In April 2016, venetoclax was approved for relapsed patients with CLL and a 17p deletion who had at least 1 prior therapy based on the data of an open-label, multicenter clinical trial of 106 previously treated patients with 17p deletion.47  In the study, patients received venetoclax via a weekly ramp-up schedule starting at 20 mg and ramping to 50 mg, 100 mg, 200 mg, and finally 400 mg once daily. Patients continued to receive 400 mg of venetoclax once daily until disease progression or unacceptable toxicity. The median time on treatment at the time of evaluation was 12.1 months (range, 0-21.5 months). The primary efficacy end point, ORR, was 80%. Median duration of response had not been reached with ∼12 months of median follow-up (range, 2.9-19.0+ months).

Monoclonal antibodies

Rituximab was the first anti-CD20 monoclonal antibody (mAb) approved for the treatment of hematologic malignancies in 1997. Since then, several other anti-CD20 mAbs have been evaluated in CLL. A phase 3 study evaluated obinutuzumab (a glycoengineered type II antibody) with chlorambucil vs rituximab with chlorambucil or chlorambucil alone in previously untreated patients with CLL and comorbidities.48  Results demonstrated a superior ORR and PFS with obinutuzumab plus chlorambucil (77% and 26.7 months) compared with rituximab plus chlorambucil (66% and 15.2 months) or chlorambucil alone (31% and 10.7 months). This led to the approval of obinutuzumab plus chlorambucil as frontline therapy in CLL. Similarly, the COMPLEMENT study evaluated ofatumumab (fully human mAb) and chlorambucil vs chlorambucil alone.49  Given the favorable results of this combination vs chlorambucil monotherapy, ofatumumab plus chlorambucil was also approved for this patient population.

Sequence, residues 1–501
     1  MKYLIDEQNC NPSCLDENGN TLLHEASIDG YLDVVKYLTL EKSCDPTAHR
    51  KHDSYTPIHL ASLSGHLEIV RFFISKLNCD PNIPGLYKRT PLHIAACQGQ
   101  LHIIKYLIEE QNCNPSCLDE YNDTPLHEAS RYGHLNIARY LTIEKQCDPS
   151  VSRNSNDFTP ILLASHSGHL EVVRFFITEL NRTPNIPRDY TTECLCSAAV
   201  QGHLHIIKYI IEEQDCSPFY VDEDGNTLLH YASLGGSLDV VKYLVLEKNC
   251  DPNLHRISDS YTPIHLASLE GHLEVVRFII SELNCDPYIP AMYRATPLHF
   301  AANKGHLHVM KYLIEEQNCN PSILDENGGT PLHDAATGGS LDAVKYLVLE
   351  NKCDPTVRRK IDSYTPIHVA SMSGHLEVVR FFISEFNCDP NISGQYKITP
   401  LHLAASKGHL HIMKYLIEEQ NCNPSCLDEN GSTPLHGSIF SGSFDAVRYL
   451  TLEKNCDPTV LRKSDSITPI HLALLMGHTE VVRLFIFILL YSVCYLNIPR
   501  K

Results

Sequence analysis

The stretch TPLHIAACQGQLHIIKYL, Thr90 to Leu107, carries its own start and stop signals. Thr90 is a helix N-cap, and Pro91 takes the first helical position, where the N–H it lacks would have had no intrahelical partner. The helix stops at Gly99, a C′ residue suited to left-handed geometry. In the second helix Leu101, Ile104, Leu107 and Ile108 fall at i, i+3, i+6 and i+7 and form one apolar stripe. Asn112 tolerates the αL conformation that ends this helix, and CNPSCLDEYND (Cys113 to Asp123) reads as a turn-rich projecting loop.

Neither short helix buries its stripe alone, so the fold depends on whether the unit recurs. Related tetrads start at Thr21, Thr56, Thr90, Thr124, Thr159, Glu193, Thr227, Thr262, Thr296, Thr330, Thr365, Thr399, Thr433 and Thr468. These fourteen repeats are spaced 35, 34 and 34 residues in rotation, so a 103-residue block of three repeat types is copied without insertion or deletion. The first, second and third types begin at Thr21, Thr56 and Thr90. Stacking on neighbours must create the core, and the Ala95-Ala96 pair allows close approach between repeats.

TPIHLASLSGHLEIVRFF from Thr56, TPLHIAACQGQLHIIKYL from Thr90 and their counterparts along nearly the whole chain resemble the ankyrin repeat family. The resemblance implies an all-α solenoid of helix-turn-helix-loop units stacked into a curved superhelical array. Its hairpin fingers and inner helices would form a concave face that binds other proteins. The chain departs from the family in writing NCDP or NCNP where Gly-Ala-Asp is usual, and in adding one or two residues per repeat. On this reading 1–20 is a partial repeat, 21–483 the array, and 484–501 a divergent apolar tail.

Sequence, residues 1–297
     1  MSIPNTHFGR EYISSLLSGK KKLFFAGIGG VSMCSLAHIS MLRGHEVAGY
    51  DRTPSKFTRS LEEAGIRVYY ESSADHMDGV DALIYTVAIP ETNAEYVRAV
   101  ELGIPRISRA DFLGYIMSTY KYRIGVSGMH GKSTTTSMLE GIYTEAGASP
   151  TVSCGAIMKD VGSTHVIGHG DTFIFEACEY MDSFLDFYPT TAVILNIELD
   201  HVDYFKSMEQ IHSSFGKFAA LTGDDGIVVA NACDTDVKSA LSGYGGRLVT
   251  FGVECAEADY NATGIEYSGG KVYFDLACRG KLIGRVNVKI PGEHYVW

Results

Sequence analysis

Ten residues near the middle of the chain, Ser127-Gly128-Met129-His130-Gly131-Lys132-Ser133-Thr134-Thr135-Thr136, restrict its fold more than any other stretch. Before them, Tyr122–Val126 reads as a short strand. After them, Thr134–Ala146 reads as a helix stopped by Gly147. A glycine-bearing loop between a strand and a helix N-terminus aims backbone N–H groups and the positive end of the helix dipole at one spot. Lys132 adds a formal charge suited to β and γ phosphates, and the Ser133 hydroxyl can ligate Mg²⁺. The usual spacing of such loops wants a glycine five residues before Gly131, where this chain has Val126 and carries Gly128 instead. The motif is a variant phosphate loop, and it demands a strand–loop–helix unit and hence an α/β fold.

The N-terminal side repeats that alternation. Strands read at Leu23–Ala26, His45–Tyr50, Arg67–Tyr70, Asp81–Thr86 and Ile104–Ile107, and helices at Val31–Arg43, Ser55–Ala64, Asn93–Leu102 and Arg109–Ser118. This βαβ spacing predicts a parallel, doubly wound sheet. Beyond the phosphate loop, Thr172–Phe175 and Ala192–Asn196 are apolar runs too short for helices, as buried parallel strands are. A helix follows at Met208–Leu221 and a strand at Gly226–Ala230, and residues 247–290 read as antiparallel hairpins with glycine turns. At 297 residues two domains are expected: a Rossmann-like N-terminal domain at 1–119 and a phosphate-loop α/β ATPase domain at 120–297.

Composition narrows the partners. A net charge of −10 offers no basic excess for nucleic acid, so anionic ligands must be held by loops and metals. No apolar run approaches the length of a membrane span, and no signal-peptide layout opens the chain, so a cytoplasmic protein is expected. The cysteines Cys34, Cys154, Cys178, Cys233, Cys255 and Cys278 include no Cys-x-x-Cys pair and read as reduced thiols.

Other novel therapies for CLL